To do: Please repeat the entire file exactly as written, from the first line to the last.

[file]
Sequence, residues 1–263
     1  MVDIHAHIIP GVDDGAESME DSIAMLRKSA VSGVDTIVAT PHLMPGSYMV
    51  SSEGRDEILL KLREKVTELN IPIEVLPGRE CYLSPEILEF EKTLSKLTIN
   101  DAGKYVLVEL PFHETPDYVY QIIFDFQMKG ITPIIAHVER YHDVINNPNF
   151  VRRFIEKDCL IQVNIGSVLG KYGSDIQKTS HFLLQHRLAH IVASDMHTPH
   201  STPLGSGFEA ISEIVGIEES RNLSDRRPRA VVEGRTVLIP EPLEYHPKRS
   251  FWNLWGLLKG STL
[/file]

Sequence, residues 1–263
     1  MVDIHAHIIP GVDDGAESME DSIAMLRKSA VSGVDTIVAT PHLMPGSYMV
    51  SSEGRDEILL KLREKVTELN IPIEVLPGRE CYLSPEILEF EKTLSKLTIN
   101  DAGKYVLVEL PFHETPDYVY QIIFDFQMKG ITPIIAHVER YHDVINNPNF
   151  VRRFIEKDCL IQVNIGSVLG KYGSDIQKTS HFLLQHRLAH IVASDMHTPH
   201  STPLGSGFEA ISEIVGIEES RNLSDRRPRA VVEGRTVLIP EPLEYHPKRS
   251  FWNLWGLLKG STL